The great Pablo Picasso once said “Every child is an artist. The problem is how to remain an artist once he or she grows up”. For Nhlonipho Khanyile, an avid art enthusiast from Durban, in KwaZulu-Natal, this was no problem at all.
Having been bitten by the art bug at a very young age, Nhlonipho’s first encounter was with his mother and sand art. “She would apply adhesive in shapes and apply sea sand, the patterns would come out beautifully”, he says. That is the only art experience he remembers vividly before putting pencil to paper. His love for drawing grew when he would watch cartoons… back when Dragon BallZ was synonymous with young boys.
I am fascinated by fine arts. Seeing a masterpiece always gives me a rush. It gives me the urge to produce my own.
As is the case with many artists, Nhlonipho prefers certain styles of drawings over others. His current fascinations are Fumage or Soot painting, as well as scribbling.
What we usually see as mere paintings/drawings, is not as cut and dried for fine art lovers. Nhlonipho describes scribbling as an erratic form of art, where one does not have to follow the directives in order to get to a particular destination. For him, scribbling is all about breaking the rules and pushing the frontiers – something he admits he still needs to put to practice more.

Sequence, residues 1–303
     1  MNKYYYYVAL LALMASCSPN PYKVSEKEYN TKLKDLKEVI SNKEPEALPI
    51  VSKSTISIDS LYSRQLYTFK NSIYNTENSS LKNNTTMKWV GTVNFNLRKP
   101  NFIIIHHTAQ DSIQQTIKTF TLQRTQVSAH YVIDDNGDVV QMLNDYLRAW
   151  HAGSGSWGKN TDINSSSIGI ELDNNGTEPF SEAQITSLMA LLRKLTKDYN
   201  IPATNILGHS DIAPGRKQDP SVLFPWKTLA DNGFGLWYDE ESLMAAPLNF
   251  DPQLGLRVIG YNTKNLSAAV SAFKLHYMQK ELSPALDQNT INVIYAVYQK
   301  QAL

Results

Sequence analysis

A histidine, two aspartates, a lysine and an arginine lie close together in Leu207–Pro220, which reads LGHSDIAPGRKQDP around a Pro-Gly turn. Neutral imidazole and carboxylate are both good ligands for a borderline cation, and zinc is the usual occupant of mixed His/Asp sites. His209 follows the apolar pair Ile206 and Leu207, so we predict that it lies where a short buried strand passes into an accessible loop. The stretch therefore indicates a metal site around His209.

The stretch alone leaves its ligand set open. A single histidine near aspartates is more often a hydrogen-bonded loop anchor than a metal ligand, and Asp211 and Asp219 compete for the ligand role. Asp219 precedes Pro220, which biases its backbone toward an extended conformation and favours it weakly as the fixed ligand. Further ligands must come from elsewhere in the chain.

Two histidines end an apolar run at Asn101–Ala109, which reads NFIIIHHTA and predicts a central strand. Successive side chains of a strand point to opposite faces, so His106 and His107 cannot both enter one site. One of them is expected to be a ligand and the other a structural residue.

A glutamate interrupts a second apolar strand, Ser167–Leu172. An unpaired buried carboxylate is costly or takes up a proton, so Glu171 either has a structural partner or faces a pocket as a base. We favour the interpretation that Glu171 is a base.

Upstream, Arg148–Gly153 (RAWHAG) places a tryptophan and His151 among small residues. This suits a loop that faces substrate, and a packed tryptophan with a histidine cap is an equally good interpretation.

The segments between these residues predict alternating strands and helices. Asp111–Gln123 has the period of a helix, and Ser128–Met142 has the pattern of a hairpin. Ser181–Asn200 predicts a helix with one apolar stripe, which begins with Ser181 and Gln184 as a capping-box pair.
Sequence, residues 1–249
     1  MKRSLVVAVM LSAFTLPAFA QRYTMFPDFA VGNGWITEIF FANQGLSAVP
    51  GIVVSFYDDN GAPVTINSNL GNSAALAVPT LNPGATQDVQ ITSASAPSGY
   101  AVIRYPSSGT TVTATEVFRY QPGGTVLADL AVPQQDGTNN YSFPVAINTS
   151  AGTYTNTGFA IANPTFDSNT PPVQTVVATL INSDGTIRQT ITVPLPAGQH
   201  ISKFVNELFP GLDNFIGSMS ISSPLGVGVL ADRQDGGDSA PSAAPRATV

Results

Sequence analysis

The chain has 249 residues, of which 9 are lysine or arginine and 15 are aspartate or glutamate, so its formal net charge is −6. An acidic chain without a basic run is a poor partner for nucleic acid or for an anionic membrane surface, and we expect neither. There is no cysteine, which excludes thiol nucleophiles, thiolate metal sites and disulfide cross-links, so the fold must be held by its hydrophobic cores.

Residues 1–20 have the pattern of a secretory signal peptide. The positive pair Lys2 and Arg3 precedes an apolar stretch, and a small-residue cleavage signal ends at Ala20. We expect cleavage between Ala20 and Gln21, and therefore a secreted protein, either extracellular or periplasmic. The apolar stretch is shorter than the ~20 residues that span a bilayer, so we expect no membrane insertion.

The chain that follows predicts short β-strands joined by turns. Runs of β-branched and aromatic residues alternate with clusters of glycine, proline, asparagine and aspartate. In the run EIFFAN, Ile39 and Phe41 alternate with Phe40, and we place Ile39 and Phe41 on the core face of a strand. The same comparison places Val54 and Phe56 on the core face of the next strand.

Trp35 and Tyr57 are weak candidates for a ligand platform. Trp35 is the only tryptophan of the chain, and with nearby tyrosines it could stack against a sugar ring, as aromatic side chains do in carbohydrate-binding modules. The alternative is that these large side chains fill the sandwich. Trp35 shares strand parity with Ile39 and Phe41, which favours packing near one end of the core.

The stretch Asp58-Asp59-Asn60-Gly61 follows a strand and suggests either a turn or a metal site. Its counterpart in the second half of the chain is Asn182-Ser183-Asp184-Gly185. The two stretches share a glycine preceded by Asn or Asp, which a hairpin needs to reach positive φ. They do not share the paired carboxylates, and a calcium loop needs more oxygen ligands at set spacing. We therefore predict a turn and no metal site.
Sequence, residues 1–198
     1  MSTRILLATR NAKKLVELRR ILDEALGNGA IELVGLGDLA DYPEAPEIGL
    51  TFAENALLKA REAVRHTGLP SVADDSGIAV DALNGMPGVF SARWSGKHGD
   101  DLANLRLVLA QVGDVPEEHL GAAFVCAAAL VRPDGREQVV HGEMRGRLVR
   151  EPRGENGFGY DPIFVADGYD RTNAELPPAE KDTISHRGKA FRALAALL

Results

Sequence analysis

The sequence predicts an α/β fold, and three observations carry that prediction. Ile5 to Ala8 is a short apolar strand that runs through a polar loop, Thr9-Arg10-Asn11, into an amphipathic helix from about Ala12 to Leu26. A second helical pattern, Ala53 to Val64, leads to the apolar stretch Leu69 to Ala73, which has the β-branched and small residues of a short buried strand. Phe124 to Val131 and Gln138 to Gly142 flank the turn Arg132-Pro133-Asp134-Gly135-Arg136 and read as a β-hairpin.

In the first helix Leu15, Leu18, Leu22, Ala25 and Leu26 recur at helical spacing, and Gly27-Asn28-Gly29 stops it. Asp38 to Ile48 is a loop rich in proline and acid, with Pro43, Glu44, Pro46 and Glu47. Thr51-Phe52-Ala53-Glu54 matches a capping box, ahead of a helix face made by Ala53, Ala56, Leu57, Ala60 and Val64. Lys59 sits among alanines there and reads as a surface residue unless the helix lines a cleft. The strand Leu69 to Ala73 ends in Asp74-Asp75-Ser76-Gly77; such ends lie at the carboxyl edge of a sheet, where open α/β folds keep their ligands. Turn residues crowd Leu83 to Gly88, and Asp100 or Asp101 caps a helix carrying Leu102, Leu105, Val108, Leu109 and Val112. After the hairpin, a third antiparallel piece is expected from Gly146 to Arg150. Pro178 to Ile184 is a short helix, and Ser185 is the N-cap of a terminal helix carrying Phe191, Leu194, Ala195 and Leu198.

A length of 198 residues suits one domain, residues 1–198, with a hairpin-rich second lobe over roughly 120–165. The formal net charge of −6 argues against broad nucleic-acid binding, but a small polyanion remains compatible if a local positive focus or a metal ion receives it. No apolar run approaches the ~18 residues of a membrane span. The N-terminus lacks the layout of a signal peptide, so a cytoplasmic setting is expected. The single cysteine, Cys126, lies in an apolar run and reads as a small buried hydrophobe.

The beauty of art is that it tells a story and it can be used in various ways within different contexts. Some artists express rebellion, build identity or perpetuate ideals. Nhlonipho says that art helps him to speak for himself, as the disenfranchised back child. “Truths spoken with a shaky voice” [a microphone portrait] is his magnum opus. Although he refers to himself as coy, he ironically always has a mouthful to say. He believes that this is owed largely to his strange need to back the underdog, which has developed into an obsession for social justice.
Many of his drawing are mainstream, but his aim is to produce art that speaks to a range of issues. Hence he is fine tuning his prowess so as to exhibit good art in the future. Art that will resonate with the African child. “Depicting our African stories should be for us to do, because we understand these stories better than anyone else”, he states.
— uMlu..??? (@iinhlonipho) April 8, 2017